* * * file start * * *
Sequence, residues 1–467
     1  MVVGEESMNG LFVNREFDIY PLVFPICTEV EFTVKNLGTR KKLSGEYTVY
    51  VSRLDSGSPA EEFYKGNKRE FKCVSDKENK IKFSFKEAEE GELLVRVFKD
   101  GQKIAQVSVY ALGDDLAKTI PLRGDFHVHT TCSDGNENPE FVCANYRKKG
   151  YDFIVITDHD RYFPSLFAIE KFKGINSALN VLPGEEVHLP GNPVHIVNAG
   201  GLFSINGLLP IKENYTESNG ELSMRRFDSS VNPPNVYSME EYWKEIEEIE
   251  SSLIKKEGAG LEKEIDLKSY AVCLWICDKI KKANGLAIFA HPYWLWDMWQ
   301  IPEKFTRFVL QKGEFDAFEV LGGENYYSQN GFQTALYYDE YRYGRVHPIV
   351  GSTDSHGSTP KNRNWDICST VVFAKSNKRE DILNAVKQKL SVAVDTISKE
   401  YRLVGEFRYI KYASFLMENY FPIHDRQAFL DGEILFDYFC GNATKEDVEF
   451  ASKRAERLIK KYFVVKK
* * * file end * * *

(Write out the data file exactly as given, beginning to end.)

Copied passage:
Sequence, residues 1–467
     1  MVVGEESMNG LFVNREFDIY PLVFPICTEV EFTVKNLGTR KKLSGEYTVY
    51  VSRLDSGSPA EEFYKGNKRE FKCVSDKENK IKFSFKEAEE GELLVRVFKD
   101  GQKIAQVSVY ALGDDLAKTI PLRGDFHVHT TCSDGNENPE FVCANYRKKG
   151  YDFIVITDHD RYFPSLFAIE KFKGINSALN VLPGEEVHLP GNPVHIVNAG
   201  GLFSINGLLP IKENYTESNG ELSMRRFDSS VNPPNVYSME EYWKEIEEIE
   251  SSLIKKEGAG LEKEIDLKSY AVCLWICDKI KKANGLAIFA HPYWLWDMWQ
   301  IPEKFTRFVL QKGEFDAFEV LGGENYYSQN GFQTALYYDE YRYGRVHPIV
   351  GSTDSHGSTP KNRNWDICST VVFAKSNKRE DILNAVKQKL SVAVDTISKE
   401  YRLVGEFRYI KYASFLMENY FPIHDRQAFL DGEILFDYFC GNATKEDVEF
   451  ASKRAERLIK KYFVVKK